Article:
'Light' sodas hike diabetes risk: study
The study noted that women who drank "light" sodas tended to drink more of it -- 2.8 glasses a week on average compared to 1.6 glasses among women on "regular" sodas.
The findings are published in the latest issue of the American Journal of Clinical Nutrition.
Its authors admitted the study had limitations.
"Information on beverage consumption was not updated during the follow-up, and dietary habits may have changed over time," the paper said.
"We cannot rule out that factors other than ASB (artificially sweetened beverages)... are responsible for the association with diabetes."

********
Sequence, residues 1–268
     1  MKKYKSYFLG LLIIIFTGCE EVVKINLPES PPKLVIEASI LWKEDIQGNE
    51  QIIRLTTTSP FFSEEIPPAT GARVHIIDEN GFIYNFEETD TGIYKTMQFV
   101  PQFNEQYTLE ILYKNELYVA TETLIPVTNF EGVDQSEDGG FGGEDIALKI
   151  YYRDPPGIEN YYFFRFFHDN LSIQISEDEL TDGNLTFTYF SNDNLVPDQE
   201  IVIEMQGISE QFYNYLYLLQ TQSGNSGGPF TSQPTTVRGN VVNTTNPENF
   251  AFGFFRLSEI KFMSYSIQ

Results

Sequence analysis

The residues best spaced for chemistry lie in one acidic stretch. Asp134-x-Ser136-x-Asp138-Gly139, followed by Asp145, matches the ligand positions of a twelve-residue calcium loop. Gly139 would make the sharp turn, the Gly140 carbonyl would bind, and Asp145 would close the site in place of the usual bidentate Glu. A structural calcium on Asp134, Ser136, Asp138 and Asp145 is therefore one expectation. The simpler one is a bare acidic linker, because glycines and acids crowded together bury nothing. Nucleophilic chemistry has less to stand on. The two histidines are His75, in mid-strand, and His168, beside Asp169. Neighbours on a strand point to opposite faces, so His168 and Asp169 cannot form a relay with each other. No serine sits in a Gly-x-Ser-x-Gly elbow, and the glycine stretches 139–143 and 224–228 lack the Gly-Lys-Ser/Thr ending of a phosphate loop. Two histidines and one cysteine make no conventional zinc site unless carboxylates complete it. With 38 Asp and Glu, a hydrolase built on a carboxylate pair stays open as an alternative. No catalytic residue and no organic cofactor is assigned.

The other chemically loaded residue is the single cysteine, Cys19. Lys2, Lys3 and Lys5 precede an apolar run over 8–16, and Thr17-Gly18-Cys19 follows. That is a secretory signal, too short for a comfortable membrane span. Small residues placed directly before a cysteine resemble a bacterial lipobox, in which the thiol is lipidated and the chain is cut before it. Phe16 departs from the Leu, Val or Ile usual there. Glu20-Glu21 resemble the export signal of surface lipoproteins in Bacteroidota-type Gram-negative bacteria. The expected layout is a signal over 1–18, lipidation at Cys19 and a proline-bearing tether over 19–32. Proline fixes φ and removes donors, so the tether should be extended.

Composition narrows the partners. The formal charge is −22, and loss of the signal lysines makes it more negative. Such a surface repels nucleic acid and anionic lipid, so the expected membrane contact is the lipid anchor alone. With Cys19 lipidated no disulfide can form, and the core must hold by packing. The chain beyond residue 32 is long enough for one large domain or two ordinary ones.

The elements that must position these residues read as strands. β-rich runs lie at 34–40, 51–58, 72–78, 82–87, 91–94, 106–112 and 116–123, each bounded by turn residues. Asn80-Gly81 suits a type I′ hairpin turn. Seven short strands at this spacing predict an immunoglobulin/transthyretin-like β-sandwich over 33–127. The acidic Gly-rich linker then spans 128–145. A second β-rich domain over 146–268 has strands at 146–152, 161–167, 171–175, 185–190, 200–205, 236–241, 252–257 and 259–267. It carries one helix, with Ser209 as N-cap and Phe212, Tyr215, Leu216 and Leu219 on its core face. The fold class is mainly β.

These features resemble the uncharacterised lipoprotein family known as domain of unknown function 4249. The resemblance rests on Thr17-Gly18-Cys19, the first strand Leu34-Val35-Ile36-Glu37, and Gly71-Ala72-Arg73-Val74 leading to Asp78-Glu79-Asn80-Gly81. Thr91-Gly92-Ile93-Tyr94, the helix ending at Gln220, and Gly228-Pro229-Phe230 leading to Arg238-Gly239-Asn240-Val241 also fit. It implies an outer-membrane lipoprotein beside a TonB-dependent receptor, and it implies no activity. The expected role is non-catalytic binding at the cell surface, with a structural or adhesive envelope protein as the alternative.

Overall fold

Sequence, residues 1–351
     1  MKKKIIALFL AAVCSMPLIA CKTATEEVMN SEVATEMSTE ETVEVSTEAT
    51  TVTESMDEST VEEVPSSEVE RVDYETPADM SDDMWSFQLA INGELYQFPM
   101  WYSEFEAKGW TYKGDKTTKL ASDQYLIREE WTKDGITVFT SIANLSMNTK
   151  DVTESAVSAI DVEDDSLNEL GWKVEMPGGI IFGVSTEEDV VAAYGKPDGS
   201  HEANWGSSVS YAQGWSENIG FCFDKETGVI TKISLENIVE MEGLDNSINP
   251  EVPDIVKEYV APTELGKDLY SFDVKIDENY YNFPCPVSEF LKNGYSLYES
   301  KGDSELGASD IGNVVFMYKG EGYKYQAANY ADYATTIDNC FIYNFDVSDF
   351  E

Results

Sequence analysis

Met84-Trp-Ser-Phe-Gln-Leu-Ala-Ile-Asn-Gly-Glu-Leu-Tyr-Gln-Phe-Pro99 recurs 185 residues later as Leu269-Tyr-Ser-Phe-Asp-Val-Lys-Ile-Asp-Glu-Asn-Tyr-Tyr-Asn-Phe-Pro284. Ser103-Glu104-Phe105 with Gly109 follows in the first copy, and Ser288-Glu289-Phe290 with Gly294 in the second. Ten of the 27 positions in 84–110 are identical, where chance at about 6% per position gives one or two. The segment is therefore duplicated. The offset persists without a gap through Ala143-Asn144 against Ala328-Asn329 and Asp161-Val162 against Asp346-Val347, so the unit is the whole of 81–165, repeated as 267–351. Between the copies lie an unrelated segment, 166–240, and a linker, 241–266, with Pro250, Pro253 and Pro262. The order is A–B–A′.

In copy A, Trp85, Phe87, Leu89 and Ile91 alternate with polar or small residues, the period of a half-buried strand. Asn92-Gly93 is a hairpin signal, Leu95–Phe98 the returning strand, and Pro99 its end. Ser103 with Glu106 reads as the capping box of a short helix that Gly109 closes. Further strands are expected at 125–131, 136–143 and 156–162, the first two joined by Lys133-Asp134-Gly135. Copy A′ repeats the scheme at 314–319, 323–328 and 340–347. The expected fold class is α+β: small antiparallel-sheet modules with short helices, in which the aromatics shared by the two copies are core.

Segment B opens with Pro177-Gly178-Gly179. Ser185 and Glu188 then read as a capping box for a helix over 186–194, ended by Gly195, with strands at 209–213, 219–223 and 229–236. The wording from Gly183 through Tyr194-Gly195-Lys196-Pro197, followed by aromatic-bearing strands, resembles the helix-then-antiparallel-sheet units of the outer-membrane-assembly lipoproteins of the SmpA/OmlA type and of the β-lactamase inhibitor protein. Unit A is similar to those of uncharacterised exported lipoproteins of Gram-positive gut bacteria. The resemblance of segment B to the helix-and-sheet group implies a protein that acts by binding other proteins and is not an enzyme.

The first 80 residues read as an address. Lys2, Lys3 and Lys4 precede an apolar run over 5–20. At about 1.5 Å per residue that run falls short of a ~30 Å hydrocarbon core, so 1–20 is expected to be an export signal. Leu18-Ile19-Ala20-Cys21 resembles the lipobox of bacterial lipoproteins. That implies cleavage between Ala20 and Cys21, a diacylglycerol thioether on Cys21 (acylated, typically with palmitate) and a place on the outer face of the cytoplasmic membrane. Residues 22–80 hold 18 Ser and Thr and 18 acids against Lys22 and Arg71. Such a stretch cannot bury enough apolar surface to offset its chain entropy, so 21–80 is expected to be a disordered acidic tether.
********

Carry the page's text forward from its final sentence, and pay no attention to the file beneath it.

The authors urge further trials to prove a causal link.
The study covered women born between 1925 and 1950, who have been monitored since 1990.
The paper noted previous research which says that aspartame -- the most frequently-used artificial sweetener -has a similar effect on blood glucose and insulin levels as the sucrose used in regular sweeteners.
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